Jacinda Ardern says it's important children return to school even though New Zealand may be on the cusp of a significant Omicron outbreak.
The Prime Minister addressed media on Thursday and was asked about her view on the return to school for students.
She was emphatic children needed to return for the sake of their wellbeing, with expert advice clear.
One of those experts is Dr Jin Russell, community and developmental paediatrician at the University of Auckland.
A paper written by Russell and other experts "strongly" advised the Government to continue with the opening of schools.
Ardern says it was acknowledged there might be localised closures because of teacher shortages or lockdowns.
"But the really important message from them was even in the face of Omicron, the balance of evidence continues to point to keeping children connected to their schools for their physical, mental and emotional wellbeing."
The paper, published on January 24, concluded "in a post-elimination context, prolonged school closures as a way of curbing community transmission are not an optimal, evidence-based, or sustainable strategy for children.
"As children and whānau become increasingly vaccinated, we need to protect them from the indirect harms of the pandemic which will be inequitably felt."
The paper also pointed out schools are not a major driver of transmission when other higher-risk places remain open.
President of the New Zealand Principals Federation, Dr Cherie Taylor-Patel, told 1News going back to school is vital for children and teens.
"After a year of disruption we’ve got students at all different stages and ages of their learning, so teachers need to get a sense of that."
Taylor-Patel says teachers need to reconnect with students by doing initial assessments around where kids are at with their learning as well as where they are at socially and emotionally.
"It’s incredibly difficult to do that when kids are not in a classroom. We would have to hope that everybody is focused on that when they come back to school."
Russell told 1News all the authors who contributed to the paper are parents "and also clinicians on the ground".
"So we understand the challenges that families have faced when schools have been closed and we have also heard of and witnessed some of the distress that children have displayed by not being able to go to school.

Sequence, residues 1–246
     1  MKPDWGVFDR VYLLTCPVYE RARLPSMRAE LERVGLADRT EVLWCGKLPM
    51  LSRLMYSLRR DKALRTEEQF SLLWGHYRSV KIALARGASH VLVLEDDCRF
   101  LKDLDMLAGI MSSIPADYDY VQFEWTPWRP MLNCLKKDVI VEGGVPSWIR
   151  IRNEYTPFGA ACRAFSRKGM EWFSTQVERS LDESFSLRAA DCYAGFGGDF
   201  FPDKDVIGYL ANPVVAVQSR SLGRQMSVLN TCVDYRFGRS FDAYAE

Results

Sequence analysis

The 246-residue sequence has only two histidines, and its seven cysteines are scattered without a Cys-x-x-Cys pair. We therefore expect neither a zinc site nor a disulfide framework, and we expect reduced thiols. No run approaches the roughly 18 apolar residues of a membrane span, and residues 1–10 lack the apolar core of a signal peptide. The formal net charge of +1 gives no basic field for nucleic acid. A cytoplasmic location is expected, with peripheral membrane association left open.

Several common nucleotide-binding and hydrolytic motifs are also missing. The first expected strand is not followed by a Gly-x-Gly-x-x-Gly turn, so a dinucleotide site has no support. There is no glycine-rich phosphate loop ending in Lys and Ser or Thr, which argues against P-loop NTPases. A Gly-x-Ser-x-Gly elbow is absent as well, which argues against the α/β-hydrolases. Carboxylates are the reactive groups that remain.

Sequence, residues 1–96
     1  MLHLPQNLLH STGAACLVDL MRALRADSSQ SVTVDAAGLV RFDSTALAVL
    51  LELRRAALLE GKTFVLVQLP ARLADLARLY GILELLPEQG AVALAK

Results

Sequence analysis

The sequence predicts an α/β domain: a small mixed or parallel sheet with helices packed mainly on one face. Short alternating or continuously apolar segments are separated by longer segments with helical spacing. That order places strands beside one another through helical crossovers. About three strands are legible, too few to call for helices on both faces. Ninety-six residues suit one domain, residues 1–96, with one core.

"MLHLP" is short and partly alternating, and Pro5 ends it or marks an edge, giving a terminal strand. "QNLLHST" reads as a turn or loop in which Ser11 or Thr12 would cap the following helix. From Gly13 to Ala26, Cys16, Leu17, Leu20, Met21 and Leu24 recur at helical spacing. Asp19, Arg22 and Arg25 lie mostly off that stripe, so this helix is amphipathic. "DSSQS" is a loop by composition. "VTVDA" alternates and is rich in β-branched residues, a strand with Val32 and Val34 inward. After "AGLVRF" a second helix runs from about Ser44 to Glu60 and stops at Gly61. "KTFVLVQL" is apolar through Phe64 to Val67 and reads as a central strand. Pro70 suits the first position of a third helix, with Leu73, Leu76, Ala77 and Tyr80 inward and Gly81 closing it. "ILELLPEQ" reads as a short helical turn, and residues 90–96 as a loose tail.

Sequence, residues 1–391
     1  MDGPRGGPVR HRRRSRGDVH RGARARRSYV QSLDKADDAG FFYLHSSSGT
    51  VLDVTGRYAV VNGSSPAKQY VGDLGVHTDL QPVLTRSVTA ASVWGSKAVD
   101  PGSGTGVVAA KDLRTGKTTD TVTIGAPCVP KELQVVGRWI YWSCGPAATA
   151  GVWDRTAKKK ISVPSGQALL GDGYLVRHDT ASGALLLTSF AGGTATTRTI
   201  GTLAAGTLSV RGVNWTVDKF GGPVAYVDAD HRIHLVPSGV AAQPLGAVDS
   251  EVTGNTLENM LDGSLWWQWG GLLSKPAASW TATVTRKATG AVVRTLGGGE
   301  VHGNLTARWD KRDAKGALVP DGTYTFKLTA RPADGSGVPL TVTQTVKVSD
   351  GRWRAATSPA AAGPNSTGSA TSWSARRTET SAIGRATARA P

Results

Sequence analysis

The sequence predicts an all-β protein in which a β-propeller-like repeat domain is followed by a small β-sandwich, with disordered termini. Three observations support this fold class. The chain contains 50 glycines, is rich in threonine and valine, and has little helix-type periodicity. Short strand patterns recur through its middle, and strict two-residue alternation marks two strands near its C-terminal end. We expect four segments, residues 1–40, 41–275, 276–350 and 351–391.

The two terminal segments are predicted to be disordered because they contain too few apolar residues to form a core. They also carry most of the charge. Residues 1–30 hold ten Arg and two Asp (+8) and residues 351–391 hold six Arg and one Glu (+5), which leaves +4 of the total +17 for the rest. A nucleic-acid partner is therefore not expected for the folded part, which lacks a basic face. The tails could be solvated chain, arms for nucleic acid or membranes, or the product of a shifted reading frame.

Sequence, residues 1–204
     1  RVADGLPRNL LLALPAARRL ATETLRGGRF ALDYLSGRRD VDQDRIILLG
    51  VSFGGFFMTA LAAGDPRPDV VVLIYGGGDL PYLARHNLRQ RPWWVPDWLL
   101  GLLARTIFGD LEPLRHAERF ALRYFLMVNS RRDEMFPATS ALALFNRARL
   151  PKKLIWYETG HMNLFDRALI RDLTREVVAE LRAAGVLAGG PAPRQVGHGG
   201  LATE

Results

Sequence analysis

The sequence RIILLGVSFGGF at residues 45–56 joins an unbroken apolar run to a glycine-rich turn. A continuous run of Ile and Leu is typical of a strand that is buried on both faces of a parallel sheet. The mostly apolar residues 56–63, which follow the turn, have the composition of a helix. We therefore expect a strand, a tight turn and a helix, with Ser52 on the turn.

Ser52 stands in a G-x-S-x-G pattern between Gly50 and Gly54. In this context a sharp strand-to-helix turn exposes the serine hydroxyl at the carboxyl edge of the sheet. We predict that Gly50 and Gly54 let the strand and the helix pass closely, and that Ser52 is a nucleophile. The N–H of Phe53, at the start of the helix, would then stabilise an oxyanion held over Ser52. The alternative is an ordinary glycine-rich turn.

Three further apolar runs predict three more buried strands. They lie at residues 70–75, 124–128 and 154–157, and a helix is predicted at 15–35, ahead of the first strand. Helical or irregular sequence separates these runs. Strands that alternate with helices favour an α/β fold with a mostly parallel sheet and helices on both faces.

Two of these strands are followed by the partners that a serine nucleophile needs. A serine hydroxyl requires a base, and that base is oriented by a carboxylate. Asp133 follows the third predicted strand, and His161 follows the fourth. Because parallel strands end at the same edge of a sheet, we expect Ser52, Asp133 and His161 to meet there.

Russell's clinic at Starship is "busy" she said. She is hearing firsthand about how children miss being at school and how they have been displaying behavioural difficulties.
"When schools have been closed, I have seen the impacts on children with disabilities. Strong evidence shows when children are not able to attend school, they suffer learning loss and that loss is inequitable.
"Prolonged schools closures exacerbate existing educational inequalities so that Māori and Pacific children and children from disadvantaged homes are disproportionately impacted.
"From our point of view, the way forward in this pandemic is not to keep schools closed as a way of protecting children and their families but to vaccinate everyone who is eligible and to put in place prevention measures in schools."
She said the Ministry of Education has provided guidance to schools on preventative measures.
"Schools just have to implement that guidance as best they can. We have to think sustainably about the best way forward.
"From a population and from a policy point of view, school closures are not a sustainable strategy as a way of controlling community transmission.
"We have tools, we have vaccines. We don't want to cause harm to a generation of children by cutting them off from school and their friends.
"We need to think about how to protect children from the direct and indirect harms of the pandemic."